When the Great Recession Hit, Studio Blitz Saw an Opportunity
Melissa and Seth Hanley worked closely with clients to define and expand a practice that moves beyond the basics to address the larger why.
“The thing about starting during a recession is that there’s nothing to lose,” quips Melissa Hanley, principal, cofounder, and CEO of Studio Blitz, the multidisciplinary firm she launched in 2009 with her spouse, Seth Hanley. Amid mass layoffs at the firm they were working for, the Hanleys looked to the new wave of start-ups emerging in San Francisco and Silicon Valley for inspiration. Ever since, Blitz has evolved with this environment, carving out a niche in tech-sector-focused workplace design.
Melissa says founding their own practice during such a turbulent time “was really about hustling,” a mindset that matched that of their entrepreneurial clientele. The rocky terrain of the Great Recession— and the stresses involved in starting a business—didn’t hinder their creative drive: “If we ended up failing and living in a tent in my parents’ front yard, it’s a really nice yard,” she laughs.
In those early years, Blitz began to navigate a new normal in the design world: working on specific office interiors as separate entities from the offices around them, rather than designing the building as a whole. The scale allowed Blitz to test ideas more quickly than if it had been working on an entire structure. More often than not, its clients wanted to be intimately involved in the details. The experience has been invaluable. “To experiment while being your authentic self as a designer has propelled our work forward,” remarks Seth, the company’s principal and creative director.
In designing spaces for companies searching for less traditional offices, such as Google, YouTube, and global security services provider Northland Controls—the design of which won the IIDA Northern California Honor Award for medium-size offices in 2018—Blitz has tried to go deeper than the original brief. “We say, ‘If you ask someone what they want, they won’t tell you what they need,’” says Melissa. “We aim for the needs rather than the wants.”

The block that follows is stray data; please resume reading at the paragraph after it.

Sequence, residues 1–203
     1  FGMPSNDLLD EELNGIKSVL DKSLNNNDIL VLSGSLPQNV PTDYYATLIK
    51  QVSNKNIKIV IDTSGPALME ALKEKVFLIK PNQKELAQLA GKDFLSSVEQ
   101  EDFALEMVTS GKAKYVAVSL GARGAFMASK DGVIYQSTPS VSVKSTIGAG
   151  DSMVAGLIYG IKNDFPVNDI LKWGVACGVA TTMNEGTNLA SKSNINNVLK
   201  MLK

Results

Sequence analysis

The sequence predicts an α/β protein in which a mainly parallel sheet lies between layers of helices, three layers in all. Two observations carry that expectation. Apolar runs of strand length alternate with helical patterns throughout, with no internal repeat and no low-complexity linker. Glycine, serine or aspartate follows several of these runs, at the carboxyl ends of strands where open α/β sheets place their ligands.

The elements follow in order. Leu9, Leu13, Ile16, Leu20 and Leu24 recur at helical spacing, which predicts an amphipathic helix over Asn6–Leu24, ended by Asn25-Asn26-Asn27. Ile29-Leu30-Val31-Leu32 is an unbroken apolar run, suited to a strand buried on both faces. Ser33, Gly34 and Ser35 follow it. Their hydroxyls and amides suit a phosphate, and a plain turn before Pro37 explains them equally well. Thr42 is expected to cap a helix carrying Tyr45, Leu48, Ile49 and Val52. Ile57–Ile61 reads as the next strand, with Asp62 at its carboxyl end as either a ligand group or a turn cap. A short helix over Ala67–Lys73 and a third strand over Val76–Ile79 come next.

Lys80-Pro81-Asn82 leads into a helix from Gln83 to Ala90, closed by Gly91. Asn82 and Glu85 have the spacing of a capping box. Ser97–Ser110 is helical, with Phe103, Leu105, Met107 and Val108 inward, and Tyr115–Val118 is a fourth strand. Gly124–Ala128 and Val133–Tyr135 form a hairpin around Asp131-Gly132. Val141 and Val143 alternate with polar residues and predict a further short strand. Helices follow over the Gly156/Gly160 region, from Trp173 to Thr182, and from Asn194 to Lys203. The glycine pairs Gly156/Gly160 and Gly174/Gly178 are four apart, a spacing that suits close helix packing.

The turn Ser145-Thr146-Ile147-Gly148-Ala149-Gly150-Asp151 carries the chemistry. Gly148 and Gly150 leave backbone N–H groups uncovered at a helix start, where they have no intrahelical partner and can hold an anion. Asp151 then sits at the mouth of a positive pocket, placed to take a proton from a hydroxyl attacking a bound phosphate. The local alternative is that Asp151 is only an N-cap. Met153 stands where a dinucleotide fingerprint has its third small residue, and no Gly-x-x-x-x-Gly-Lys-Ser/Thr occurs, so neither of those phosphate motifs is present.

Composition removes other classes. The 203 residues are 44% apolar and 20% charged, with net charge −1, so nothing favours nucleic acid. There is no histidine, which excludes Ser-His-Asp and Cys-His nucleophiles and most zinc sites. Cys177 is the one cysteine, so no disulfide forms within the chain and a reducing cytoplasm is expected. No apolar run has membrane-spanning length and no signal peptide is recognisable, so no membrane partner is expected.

To do so, the Blitz team has switched from asking one-answer questions (“How many workstations and conference rooms do you need?”) to open-ended ones (“What is your engagement like on a daily basis?” “What does the workday look like?”). The responses allow Blitz to work toward creative solutions to its clients’ big-picture challenges, rather than merely providing a space for desks.
“The office as a construct is starting to lose a lot of its meaning and formality,” says Melissa. “We need to start asking questions about the purpose of coming together in one place.”
A decade after its start, Blitz has expanded to two offices, in San Francisco and Los Angeles, with two dozen designers—and three dogs—in tow. And it continues to approach each project as an experiment in redefining the office experience.
“I think one of the takeaways, particularly [when] working with technology companies…is the idea that testing ideas is a natural part of the work flow,” reflects Seth. “If something fails from a design perspective, that’s OK—you learn from that and you very quickly move on to the next thing. It’s part of the reason, I think, that we’ve been able to move as quickly as we have, and to be as agile a company as we are.”
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